Universal Design

New buzz word the last 2 years in design- what does it mean?

Universal Design is a new way to look at your space when designing. In a remodel it may help you make your home ready for you to age in place or more marketable as it fits all stages of someone’s life- anyone can live there and be comfortable.

Factor’s to think of when remodeling your bath with this concept in mind are:

Ample clearance.

For a wheelchair to make a 180-degree turn in a bathroom, there must be at least 5 feet of open space.

Universal design Showers

critical in a bathroom design is safety, including slip-resistant surfaces, proper lighting and features like attractive grab bars that can work as a hanger for towels or a support in case you lose your balance. “The same logic with universal design bubbles up into overall space planning,” says Diana Schrage, senior designer at Kohler. “We are providing more creative solutions for the long-term that are beautiful and are not a trade-off

Curbless shower.

The Roman shower without a rim to step over is the best design for people of all ages, and especially those who use walkers or wheelchairs. The shower has no lip at the floor, which slopes down toward the drain (in some designs, an infinity drain.

Grab bars.

Forget the tubular, obvious bars that scream “senior.” Who couldn’t use the security of a grab bar in the shower, after all? This feature is suitable for all ages, and sleek grab bars can double as towel holders until the homeowner needs the extra support, Perrin says.

Slip-resistant floor.

You can maintain the cohesive look of using a single tile design in your shower for the wall and floor while improving traction by increasing grout lines on the floor for slip resistance, suggests Diana Schrage, senior designer for Kohler.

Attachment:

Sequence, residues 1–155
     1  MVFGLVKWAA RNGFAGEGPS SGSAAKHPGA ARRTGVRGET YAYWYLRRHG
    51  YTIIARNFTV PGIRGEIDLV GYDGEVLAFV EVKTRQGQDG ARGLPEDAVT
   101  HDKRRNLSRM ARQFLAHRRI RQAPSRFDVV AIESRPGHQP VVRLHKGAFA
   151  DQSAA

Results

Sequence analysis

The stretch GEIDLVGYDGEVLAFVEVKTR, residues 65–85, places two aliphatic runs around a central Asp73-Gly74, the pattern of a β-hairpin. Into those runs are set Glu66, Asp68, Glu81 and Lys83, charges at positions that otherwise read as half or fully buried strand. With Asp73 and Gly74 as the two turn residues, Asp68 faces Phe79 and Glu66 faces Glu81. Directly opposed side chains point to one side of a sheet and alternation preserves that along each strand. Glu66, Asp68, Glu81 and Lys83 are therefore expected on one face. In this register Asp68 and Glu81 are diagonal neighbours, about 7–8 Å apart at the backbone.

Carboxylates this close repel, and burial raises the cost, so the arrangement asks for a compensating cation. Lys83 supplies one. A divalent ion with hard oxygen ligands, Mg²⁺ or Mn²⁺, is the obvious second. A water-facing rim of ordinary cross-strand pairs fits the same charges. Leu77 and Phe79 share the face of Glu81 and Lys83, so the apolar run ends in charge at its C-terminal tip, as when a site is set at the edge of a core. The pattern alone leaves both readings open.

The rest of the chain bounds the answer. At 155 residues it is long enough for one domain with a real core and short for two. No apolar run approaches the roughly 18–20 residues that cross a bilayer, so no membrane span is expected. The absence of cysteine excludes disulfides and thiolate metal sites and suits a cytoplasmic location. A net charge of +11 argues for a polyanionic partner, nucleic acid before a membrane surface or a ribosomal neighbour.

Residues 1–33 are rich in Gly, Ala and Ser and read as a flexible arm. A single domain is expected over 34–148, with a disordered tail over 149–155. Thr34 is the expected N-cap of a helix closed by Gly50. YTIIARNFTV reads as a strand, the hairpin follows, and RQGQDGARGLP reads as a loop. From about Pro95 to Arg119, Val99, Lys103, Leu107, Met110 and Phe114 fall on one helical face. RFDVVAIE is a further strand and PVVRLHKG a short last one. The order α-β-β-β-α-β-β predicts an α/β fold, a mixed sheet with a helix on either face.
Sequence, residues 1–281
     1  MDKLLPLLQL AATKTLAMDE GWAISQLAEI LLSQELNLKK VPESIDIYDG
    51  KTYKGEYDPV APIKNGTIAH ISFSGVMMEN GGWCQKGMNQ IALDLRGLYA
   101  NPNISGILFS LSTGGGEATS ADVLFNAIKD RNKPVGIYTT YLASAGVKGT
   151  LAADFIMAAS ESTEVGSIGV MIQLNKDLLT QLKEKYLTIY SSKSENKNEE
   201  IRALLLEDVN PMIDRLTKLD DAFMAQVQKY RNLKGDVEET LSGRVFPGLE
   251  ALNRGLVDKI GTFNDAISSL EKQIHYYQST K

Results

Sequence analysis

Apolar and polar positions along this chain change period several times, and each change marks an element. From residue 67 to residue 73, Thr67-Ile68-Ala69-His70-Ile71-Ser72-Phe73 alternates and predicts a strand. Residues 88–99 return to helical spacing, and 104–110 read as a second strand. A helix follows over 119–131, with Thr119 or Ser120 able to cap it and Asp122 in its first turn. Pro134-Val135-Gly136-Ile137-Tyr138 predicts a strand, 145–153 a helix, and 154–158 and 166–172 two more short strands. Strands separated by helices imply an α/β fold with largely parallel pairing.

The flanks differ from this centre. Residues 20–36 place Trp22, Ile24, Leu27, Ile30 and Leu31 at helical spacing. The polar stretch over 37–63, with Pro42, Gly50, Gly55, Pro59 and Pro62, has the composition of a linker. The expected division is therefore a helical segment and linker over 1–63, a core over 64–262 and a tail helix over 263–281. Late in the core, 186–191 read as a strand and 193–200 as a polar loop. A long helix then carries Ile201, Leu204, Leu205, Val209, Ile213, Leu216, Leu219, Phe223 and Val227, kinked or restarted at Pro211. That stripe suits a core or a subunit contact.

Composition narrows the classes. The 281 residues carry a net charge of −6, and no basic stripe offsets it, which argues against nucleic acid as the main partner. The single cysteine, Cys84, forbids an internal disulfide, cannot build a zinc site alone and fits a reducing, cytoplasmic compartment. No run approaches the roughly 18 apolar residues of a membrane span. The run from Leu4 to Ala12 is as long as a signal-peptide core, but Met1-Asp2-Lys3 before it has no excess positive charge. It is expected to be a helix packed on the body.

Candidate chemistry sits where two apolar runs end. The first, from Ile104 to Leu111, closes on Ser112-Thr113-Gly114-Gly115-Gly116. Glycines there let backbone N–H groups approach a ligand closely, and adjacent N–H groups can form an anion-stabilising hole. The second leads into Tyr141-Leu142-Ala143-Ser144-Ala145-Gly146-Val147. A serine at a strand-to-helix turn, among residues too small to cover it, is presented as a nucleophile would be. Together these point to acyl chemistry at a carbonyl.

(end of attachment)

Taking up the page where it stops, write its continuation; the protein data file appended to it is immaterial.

Hand-held shower.

A hand-held shower is a necessity for those who have physical limitations, and the fixture is convenient because it can be used for a quick spray-off (even replacing a bidet). But where the fixture is positioned makes all the difference. “Most of the time, the water supply is positioned too high,” Perrin says. “The hand-held reaches down to your knees and that’s it. It’s too short.” Be sure the hand-held sprayer reaches your feet when you sit on the shower bench.

Shower seat.

A bench in the shower gives you a place to sit and bathe. You can use it for storage or to prop your leg up while shaving if you don’t need the seat. A triangular bench or seat that runs along the length of a shower is an example of two configurations.

Walk in bathtub

easier to get in and out of, soothing to aching joints. New designs are more aesthetically pleasing and Kohler now has the lowest step-in thresh hold ever.
No barriers. Rather than soap dishes and shower shelves that protrude, Schrader designs niches so people aren’t tempted to grab on to these features for support if they accidentally slip. Even consider water tile shower heads that are flat. “I try to design as few items projecting into a showering space as possible,” she says.

In the rest of the bath important factors are-

Tall toilets.

Opt for a commode that is 16 to 18 inches high compared to standard 14- or 15-inch high seats. Once referred to as handicap toilets, these “comfort height” or chair height seats, as they’re not marketed, are ideal for most everyone in a household.

Wall-mounted sinks.

Wheelchairs and walkers can easily slide under sinks that are mounted to the wall. There are no cabinets or pedestal which translates to more leg room.

These design ideas don’t mean your bathroom has to look like a sterile hospital room. The options out there are endless and most lend to a “spa-like” feel that anyone of any age will enjoy!

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